Mathematics Stack Exchange is a question and answer site for people studying math at any level and professionals in related fields. It's 100% free, no registration required.

Sign up
Here's how it works:
  1. Anybody can ask a question
  2. Anybody can answer
  3. The best answers are voted up and rise to the top

I would like to get an intuition for why $(-)\otimes N$ is right-exact using its universal property involving bilinear maps, not by appealing to higher-level observations such as "left-adjoints preserve colimits". The argument below is the best I could do towards this goal, but clearly it is in need of rigorization (if indeed something along these lines is correct).

I have indicated two spots in the argument below that I would like to ask for detailed explanations of how to rigorize and/or fix.

This is an attempt to re-ask an earlier question of mine, which apparently was easy to misinterpret.

Basic idea:

Let $\mathcal{C}$ be a category. For any object $X$ of $\mathcal{C}$, let $h^X:\mathcal{C}\to\mathsf{Set}$ be the covariant hom functor: $$h^X(Y):=\mathrm{Mor}_{\mathcal{C}}(X,Y),\qquad h^X\left(Y\xrightarrow{\;f\;}Z\right)=\mathrm{Mor}_{\mathcal{C}}(X,Y)\xrightarrow{\;f\,\circ\, -\;}\mathrm{Mor}_{\mathcal{C}}(X,Z)$$ The Yoneda lemma implies that a natural transformation $\gamma:h^X\Rightarrow h^W$ must come from a morphism $g:W\to X$; that is, we must have that $\gamma_Y(k)=k\circ g$ for some such $g$.

If $\gamma_Y$ is injective for all objects $Y$ of $\mathcal{C}$, the corresponding $g$ is an epimorphism (by definition).

Let $A$ be a ring, and fix an $A$-module $N$.

If an $A$-module map $\psi:M_1\to M_2$ is surjective, then $(\psi,\mathrm{id}_N):M_1\times N\to M_2\times N$ is surjective, so that for all $A$-modules $P$, the map $$\mathrm{Hom}(M_2\otimes N,P)\underset{\text{natural}}{\cong}\mathrm{Bilin}(M_2,N;P)\xrightarrow{-\circ(\psi,\mathrm{id}_N)}\mathrm{Bilin}(M_1,N;P)\underset{\text{natural}}{\cong}\mathrm{Hom}(M_1\otimes N,P)$$ is injective. Therefore (?) the induced map $M_1\otimes_AN\to M_2\otimes_AN$ is an epimorphism, which is equivalent to being a surjection for $A$-modules.

A short exact sequence $$M_1\xrightarrow{\;\psi\;}M_2\xrightarrow{\;\rho\;} M_3\longrightarrow 0$$ is equivalent to having a surjective map $\rho:M_2\to M_3$ and a surjective map $\psi:M_1\to\ker(\rho)$. Because the functor $(-)\otimes_AN$ "preserves surjectivity", it must therefore (?) be right-exact.

share|cite|improve this question
Would you happy with an argument that convinces you that $\text{Bilin}(M, N, P)$, as a functor of $M$, is representable? – Qiaochu Yuan Aug 10 '13 at 17:12
@Qiaochu: I'm not sure I understand how that would help show right-exactness, but I'm probably missing something obvious. But of course I'd be interested to see whatever you've got. – Zev Chonoles Aug 11 '13 at 1:51
I like very much the way tensor products are handled in Categories and Sheaves by Kashiwara and Schapira. – Pierre-Yves Gaillard Aug 11 '13 at 9:55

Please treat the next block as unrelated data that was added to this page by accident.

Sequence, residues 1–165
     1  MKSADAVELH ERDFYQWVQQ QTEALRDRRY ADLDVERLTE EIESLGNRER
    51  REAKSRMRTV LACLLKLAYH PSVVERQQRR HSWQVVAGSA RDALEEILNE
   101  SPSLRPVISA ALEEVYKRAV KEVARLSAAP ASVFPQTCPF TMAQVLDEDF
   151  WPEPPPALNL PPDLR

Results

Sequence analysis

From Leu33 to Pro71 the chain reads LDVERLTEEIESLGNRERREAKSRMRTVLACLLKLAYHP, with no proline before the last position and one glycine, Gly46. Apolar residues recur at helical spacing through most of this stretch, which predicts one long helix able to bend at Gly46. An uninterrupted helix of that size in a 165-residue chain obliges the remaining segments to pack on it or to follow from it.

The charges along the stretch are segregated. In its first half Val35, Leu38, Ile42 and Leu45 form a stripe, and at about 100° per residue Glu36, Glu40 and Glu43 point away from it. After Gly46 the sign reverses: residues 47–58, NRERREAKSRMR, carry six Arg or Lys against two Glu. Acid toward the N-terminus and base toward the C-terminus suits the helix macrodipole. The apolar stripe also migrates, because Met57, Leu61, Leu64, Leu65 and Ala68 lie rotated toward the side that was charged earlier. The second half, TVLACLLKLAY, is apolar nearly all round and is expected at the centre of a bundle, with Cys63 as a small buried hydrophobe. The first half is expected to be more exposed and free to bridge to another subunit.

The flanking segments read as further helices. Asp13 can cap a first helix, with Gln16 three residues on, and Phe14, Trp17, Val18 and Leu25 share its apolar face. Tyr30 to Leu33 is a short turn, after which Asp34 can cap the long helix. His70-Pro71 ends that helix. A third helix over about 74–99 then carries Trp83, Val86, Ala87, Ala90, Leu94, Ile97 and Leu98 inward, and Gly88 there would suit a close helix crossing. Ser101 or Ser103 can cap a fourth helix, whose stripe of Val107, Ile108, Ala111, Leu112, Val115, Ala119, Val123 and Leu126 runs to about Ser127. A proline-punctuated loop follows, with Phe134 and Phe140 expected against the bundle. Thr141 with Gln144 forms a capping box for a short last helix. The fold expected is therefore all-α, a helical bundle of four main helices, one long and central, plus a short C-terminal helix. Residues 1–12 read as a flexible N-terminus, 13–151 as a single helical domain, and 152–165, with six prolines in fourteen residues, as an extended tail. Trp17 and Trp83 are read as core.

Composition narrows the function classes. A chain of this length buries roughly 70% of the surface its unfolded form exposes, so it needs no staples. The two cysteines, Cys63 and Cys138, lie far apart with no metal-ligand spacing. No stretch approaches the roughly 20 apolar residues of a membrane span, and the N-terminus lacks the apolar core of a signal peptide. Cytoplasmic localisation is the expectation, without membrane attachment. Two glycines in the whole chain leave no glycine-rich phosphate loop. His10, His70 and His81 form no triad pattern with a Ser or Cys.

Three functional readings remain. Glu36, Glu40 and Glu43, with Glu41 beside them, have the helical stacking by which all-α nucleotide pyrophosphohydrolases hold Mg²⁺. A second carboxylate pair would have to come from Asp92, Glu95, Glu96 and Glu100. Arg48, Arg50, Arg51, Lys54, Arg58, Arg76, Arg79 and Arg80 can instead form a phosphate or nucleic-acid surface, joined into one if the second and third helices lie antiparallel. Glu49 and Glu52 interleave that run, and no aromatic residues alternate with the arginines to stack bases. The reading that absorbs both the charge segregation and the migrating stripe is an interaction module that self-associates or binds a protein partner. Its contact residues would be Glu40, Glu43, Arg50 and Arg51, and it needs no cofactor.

@Zev: it implies that the tensor product preserves all colimits by the Yoneda lemma. – Qiaochu Yuan Aug 11 '13 at 15:39

The first step is correct, but the second step is not: You cannot say anything about the kernel after tensoring. Also note that your second step is purely formal and would apply to every additive functor which preserves epis. But not every such functor is right exact.

Let $M_1 \to M_2 \to M_3 \to 0$ be an exact sequence. We want to show that, for every module $N$, the sequence $M_1 \otimes N \to M_2 \otimes N \to M_3 \otimes N \to 0$ is exact, i.e. that $M_2 \otimes N \to M_3 \otimes N$ is a cokernel of $M_1 \otimes N \to M_2 \otimes N$. This means, by the universal property of the cokernel, that for every "test" module $T$, the sequence $0 \to \hom(M_3 \otimes N,T) \to \hom(M_2 \otimes N,T) \to \hom(M_1 \otimes N,T)$ is exact (as abelian groups, but then also as modules). By definition of the tensor product, this sequence is isomorphic to the sequence $0 \to \mathrm{Bilin}(M_3,N;T) \to \mathrm{Bilin}(M_2,N;T) \to \mathrm{Bilin}(M_1,N;T)$. $(\star)$

Thus, the claim is actually equivalent to a statement about bilinear maps. And this can be checked now directly. I will leave out the trivial steps. For the only interesting one, let $\beta : M_2 \times N \to T$ be a bilinear map which vanishes on $M_1 \times N$. Define $\gamma : M_3 \times N \to T$ as follows: If $m_3 \in M_3$, $n \in N$, choose a preimage $m_2 \in M_2$ of $m_3$ and define $\gamma(m_3,n):=\beta(m_2,n)$. This is well-defined, because every other choice of $m_2$ is of the form $m_2+x$ for some $x$ coming from $M_1$, and then $\beta(m_2+x,n)=\beta(m_2,n)+\beta(x,n)=\beta(m_2,n)$. One sees directly that $\gamma$ is bilinear because $\beta$ is. And course $\gamma$ is the desired preimage in $\mathrm{Bilin}(M_3,N;T)$.

This is not the most conceptual proof. You have already mentioned the one using adjoint functors. But we can also choose an alternative ending for the proof above: The sequence $(\star)$ is isomorphic to $0 \to \hom(N,\hom(M_3,T)) \to \hom(N,\hom(M_2,T)) \to \hom(N,\hom(M_1,T))$, which is exact because $\hom(N,-)$ is left exact and $\hom(-,T)$ is right exact.

And yet another ending (which explains Qiaochu's comment): The isomorphism $\mathrm{Bilin}(-,N;T) \cong \hom(-,\hom(N,T))$ shows that this functor is representable and therefore right exact, hence $(\star)$ is exact.

share|cite|improve this answer
We didn't use the Yoneda Lemma at all, right? I don't see why we'd have to. – Eric Auld Nov 8 '15 at 18:14

Your Answer


By posting your answer, you agree to the privacy policy and terms of service.

Not the answer you're looking for? Browse other questions tagged or ask your own question.